Although the extent of the ESD protection required will differ depending on the sensitivity of the devices to be protected. If there is the slightest possibility that a container holding ESD-sensitive items could enter an environment where static is uncontrolled, use a box that incorporates electrostatic shielding.
Charge production is the result of two surfaces coming in contact and separating from each other. Since containers rub against different materials, charge generation is a significant problem.
Unfortunately, little or no work has been carried out on charge generation characteristics in bins. Ideally, a bin should have a low propensity to generate a charge.
In summary, a container’s preferred electrical features would include:
- Surface resistivity of 105 – 1010 W/square
- Inclusion of a layer with surface resistivity of less than 104 W/square for electrostatic field attenuation
- A limited tendency toward charge generation
Chemical characteristics of an effective ESD bin
Two fundamental concerns related to the chemical composition of a container: its effect on the product and its impact on the environment.
Product compatibility means that a bin should neither alter the performance or reliability of the components it houses nor harm workers or the atmosphere.
Fortunately, a requirement calling for neutral pH will remove most concerns, although individual testing is recommended to measure the full environmental impact of container material.
Mechanical characteristics of an effective ESD bin
Durability, size, and style are the major mechanical physiognomies of an ESD bin. Shaping these features is more than just a matter of selecting a container big and sturdy enough to take the devices in question.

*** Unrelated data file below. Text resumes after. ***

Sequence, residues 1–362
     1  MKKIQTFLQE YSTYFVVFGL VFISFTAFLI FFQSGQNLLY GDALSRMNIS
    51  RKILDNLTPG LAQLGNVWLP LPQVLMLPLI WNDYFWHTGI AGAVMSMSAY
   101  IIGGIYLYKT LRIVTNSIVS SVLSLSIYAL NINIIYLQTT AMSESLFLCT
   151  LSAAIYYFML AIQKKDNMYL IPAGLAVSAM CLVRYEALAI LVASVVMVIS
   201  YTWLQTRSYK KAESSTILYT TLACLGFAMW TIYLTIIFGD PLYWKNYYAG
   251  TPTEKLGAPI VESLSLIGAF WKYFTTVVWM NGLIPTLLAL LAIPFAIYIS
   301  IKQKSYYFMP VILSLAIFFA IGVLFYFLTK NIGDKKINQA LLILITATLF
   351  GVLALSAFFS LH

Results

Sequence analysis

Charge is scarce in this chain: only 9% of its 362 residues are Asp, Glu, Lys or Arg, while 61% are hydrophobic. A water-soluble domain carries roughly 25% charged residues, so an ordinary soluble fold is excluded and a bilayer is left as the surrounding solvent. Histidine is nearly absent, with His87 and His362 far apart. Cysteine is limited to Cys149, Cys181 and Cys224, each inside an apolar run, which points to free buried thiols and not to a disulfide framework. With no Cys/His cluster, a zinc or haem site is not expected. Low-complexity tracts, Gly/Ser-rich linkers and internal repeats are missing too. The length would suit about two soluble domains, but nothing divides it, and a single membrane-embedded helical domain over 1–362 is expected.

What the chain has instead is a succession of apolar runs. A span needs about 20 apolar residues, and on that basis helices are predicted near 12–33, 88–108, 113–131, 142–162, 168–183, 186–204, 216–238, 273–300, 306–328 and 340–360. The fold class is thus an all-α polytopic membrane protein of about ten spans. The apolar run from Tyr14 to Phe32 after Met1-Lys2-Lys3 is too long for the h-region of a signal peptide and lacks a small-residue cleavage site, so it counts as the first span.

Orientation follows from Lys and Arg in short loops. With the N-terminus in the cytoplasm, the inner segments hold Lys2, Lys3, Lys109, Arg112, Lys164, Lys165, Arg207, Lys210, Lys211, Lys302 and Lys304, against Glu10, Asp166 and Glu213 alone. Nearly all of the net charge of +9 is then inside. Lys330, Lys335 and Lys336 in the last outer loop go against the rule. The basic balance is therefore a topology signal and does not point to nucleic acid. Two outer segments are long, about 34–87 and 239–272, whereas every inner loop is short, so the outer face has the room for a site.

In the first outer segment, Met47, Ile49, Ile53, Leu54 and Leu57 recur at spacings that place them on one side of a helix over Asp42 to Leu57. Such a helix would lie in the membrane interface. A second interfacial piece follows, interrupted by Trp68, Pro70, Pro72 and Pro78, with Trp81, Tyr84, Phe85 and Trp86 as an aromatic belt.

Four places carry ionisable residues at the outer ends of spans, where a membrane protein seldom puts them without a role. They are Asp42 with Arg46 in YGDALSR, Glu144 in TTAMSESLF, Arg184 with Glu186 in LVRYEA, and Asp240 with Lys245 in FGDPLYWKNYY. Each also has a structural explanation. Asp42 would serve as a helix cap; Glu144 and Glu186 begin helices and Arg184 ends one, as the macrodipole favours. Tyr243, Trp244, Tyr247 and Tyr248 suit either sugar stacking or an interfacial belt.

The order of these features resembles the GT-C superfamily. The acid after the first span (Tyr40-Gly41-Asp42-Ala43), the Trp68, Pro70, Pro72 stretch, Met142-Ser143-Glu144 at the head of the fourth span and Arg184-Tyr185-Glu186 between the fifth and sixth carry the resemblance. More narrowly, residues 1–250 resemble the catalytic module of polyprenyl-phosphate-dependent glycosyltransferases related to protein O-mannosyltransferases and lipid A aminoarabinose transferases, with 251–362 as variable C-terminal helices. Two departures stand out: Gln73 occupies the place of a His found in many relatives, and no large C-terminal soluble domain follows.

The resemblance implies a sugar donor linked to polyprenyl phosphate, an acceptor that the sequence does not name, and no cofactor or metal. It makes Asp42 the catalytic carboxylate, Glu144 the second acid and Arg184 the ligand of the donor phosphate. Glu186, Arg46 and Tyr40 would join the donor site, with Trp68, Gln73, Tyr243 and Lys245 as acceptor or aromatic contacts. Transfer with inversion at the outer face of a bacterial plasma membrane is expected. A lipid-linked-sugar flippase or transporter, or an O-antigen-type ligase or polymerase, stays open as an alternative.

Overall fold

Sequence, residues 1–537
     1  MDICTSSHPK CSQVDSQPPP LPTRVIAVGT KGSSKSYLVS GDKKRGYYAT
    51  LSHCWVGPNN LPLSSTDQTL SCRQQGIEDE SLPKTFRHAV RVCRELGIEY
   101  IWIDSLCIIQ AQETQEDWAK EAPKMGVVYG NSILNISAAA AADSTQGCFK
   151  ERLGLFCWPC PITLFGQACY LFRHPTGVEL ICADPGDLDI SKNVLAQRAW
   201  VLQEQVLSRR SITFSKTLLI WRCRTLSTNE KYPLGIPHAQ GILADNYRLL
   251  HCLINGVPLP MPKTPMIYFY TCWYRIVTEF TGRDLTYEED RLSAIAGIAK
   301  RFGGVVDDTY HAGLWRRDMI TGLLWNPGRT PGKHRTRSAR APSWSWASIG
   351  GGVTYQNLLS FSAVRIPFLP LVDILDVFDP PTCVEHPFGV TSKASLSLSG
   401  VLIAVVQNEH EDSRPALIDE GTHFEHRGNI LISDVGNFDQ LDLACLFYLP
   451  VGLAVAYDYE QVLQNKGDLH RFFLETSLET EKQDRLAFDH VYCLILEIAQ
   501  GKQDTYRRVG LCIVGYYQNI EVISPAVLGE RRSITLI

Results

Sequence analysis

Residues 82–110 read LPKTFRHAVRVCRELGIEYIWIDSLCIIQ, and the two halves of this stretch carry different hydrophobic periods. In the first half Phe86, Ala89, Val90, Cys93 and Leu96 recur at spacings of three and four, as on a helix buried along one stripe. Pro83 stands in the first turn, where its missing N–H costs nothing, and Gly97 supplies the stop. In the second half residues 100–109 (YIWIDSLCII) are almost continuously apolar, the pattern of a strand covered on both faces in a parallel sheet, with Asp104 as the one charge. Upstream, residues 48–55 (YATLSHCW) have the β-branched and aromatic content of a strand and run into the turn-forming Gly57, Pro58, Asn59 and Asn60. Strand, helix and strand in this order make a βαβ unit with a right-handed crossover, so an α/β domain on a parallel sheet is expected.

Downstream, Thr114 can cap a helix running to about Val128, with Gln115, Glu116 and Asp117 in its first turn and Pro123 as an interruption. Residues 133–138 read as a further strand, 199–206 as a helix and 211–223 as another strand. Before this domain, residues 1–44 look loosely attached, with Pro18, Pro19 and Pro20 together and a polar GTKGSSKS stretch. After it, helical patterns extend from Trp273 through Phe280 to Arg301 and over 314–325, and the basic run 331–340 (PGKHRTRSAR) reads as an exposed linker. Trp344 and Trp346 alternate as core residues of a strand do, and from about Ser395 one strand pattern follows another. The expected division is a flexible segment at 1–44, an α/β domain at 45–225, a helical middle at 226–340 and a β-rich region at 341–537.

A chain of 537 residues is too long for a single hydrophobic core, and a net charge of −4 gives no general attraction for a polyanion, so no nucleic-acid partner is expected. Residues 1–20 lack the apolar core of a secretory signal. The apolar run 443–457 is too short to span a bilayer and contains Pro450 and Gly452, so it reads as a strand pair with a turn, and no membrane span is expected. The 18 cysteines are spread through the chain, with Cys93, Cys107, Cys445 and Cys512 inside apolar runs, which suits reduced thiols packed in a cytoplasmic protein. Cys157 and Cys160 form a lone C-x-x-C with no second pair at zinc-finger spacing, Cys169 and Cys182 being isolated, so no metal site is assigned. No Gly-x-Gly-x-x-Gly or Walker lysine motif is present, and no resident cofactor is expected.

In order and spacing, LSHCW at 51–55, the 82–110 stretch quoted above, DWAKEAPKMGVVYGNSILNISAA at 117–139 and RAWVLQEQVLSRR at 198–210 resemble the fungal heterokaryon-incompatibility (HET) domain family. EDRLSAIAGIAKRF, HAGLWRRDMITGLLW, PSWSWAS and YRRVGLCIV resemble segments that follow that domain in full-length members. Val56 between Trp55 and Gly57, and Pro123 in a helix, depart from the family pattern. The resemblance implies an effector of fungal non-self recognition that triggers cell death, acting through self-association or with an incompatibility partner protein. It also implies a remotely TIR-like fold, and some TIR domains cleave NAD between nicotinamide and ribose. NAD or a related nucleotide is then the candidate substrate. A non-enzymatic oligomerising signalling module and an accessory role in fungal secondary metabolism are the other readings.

Style and size affect the efficiency with which plant space is used, as well as compatibility with automated handling equipment and other factors. A container significantly more significant than the device(s) it must hold during transport or storage can increase labor costs and reduce the workshop. So is a container that is too small to hold a reasonable number of items.
An ESD bin should be designed for the items it will contain, taking into consideration of the handling system to be used. Style to be used is determined by the area where it would be used and the handling system. In a static-controlled setting, a cover may be optional, while in an open space, it is a necessity.
All of these are good practices in general, and they help avoid damages that might occur as a result of casual contact. In some handling situations, a removable cover might be necessary for programmed insertion and removal of parts. In other situations where assured closure is needed, an attached cover would be the better choice.
It is also essential to take into account whether a container is going to be used vertically, horizontally, or both ways.
Generally, mechanical necessities are a function of manufacturing, shipping, and storage environments, and containers should be selected to conform with them.
In conclusion, a cost-effective ESD-protective bin must:
- Possess a surface resistivity between 105 and 1010 W/square
- Give an electrostatic-field attenuation through the inclusion of a layer with surface resistivity < 104 W/square
- Have a limited tendency toward charge generation
- Be of pH about 7.0 (i.e., chemically inert)
Also, the bins structures must conform to the environments in which they will be used, as well as to the devices that will be carried and the handling gear with which they will be used. Finally, the ESD bins selected must offer an adequate ratio of price to performance. With this guidance and intelligently defined criteria, you can ensure that the ESD bin you purchase conforms to the needs of your ESD-control and prevention purposes.
The pictures below are examples of what an ESD bin might look like: